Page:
Last Action Hero (1993) (SPOILERS) Make no mistake, Last Action Hero is a mess. But even as a mess, it might be more interesting than any other movie Arnie made during that decade, perhaps even in his entire career. Hellzapoppin’ (after the 1941 picture, itself based on a Broadway revue) has virtually become an adjective to describe films that comment upon their own artifice, break the fourth wall, and generally disrespect the convention of suspending disbelief in the fictions we see parading across the screen. It was fairly audacious, some would say foolish, of Arnie to attempt something of that nature at this point in his career, which was at its peak, rather than playing it safe. That he stumbled profoundly, emphatically so since he went up against the behemoth that is Jurassic Park (slotted in after the fact to open first), should not blind one to the considerable merits of his ultimate, and final, really, attempt to experiment with the limits of his screen persona.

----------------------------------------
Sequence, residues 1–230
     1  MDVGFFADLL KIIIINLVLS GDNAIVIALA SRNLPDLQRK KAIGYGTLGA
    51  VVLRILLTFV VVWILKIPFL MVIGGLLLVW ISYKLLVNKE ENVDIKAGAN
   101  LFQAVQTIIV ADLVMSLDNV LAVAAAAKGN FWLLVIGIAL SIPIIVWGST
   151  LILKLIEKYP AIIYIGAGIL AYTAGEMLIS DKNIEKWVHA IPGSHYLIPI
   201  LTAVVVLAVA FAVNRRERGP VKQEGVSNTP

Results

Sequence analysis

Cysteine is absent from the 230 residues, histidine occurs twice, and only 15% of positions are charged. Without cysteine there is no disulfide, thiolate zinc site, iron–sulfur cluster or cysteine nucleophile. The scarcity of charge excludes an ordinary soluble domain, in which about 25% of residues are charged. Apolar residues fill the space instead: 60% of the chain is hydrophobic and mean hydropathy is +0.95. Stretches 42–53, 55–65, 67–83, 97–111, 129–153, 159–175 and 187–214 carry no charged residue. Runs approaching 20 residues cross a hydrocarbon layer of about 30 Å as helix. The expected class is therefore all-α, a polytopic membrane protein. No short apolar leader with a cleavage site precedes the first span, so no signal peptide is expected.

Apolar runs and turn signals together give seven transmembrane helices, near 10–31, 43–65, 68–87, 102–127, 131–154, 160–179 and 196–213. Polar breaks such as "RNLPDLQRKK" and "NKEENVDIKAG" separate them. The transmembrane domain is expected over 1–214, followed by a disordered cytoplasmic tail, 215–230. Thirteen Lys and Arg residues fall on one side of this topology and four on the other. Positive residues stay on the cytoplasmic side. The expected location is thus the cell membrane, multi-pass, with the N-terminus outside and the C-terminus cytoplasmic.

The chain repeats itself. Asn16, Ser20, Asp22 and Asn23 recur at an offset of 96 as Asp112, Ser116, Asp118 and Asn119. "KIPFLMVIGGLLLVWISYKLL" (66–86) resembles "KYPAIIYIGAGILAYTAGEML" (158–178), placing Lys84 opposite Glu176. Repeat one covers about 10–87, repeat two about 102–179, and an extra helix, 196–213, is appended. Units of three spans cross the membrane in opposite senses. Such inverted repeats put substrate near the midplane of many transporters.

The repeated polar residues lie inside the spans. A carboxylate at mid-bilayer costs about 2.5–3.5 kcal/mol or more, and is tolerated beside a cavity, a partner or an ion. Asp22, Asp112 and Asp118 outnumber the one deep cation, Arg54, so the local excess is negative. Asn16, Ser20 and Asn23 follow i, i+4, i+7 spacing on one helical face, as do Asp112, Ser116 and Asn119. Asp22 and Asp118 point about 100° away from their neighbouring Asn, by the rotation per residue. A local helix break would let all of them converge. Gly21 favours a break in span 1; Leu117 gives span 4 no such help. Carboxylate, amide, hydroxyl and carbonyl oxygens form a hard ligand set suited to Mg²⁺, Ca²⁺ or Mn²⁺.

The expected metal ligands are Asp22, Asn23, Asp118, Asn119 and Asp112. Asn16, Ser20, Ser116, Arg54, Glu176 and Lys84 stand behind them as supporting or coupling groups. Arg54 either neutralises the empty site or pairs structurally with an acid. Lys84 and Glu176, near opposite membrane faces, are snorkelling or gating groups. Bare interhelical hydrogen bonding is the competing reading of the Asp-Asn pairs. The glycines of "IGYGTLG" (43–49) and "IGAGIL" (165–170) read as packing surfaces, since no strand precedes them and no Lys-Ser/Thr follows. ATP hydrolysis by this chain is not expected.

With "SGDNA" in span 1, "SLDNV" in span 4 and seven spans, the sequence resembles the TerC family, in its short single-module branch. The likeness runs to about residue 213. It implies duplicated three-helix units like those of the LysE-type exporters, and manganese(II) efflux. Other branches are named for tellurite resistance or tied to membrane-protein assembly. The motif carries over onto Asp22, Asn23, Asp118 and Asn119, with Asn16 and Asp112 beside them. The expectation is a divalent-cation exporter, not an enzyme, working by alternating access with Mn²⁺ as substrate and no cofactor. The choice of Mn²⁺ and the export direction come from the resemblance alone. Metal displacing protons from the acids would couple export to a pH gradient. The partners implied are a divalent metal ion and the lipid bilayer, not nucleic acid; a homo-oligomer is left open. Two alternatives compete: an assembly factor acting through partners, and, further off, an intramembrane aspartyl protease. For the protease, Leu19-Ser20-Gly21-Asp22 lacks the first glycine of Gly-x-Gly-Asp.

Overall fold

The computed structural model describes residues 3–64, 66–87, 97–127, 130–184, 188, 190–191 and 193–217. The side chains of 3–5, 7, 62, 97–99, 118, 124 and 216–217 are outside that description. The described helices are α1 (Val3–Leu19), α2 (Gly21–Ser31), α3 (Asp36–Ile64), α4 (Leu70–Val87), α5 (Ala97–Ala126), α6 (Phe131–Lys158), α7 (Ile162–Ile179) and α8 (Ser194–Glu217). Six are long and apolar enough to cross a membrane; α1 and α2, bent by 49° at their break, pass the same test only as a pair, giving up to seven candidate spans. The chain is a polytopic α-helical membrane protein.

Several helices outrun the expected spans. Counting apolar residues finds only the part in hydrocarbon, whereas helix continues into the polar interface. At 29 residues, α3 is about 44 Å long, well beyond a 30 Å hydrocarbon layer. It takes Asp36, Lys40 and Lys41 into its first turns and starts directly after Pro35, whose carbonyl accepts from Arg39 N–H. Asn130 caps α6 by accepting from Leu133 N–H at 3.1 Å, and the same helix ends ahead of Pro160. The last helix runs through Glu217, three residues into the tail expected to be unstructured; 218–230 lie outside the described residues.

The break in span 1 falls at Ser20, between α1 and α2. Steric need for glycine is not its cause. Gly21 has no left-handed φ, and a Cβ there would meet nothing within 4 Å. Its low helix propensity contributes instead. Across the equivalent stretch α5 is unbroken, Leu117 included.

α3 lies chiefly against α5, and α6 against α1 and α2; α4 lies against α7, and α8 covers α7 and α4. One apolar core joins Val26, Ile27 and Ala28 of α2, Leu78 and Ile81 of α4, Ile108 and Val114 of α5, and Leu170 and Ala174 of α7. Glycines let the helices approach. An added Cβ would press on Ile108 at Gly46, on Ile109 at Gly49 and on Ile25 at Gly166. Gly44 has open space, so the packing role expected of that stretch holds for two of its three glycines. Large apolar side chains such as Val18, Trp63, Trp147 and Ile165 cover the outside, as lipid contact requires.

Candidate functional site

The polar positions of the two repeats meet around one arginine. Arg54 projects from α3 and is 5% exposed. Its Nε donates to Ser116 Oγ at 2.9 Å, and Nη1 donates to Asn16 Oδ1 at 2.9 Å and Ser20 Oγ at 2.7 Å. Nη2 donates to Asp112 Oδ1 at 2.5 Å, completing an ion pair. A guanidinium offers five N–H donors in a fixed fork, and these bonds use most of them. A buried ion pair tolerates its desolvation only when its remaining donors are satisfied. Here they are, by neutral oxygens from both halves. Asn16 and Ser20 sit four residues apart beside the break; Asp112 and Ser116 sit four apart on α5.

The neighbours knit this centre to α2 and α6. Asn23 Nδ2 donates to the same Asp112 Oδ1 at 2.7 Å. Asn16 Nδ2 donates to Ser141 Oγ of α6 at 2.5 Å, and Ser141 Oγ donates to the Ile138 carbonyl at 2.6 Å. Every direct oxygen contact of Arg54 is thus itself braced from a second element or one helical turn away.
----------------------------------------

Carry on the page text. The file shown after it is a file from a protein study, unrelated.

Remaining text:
I think it’s pretty clear whose side the Lord’s on, Barrington.

Monte Carlo or Bust aka  Those Daring Young Men in Their Jaunty Jalopies (1969) (SPOILERS) Ken Annakin’s semi-sequel to Those Magnificent Men in Their Flying Machines tends to be rather maligned, usually compared negatively to its more famous predecessor. Which makes me rather wonder if those expressing said opinion have ever taken the time to scrutinise them side by side. Or watch them back to back (which would be more sensible). Because Monte Carlo or Bust is by far the superior movie. Indeed, for all its imperfections and foibles (not least a performance from Tony Curtis requiring a taste for comic ham), I adore it. It’s probably the best wacky race movie there is, simply because each set of competitors, shamelessly exemplifying a different national stereotype (albeit there are two pairs of Brits, and a damsel in distress), are vibrant and cartoonish in the best sense. Albeit, it has to be admitted that, as far as said stereotypes go, Annakin’s home side win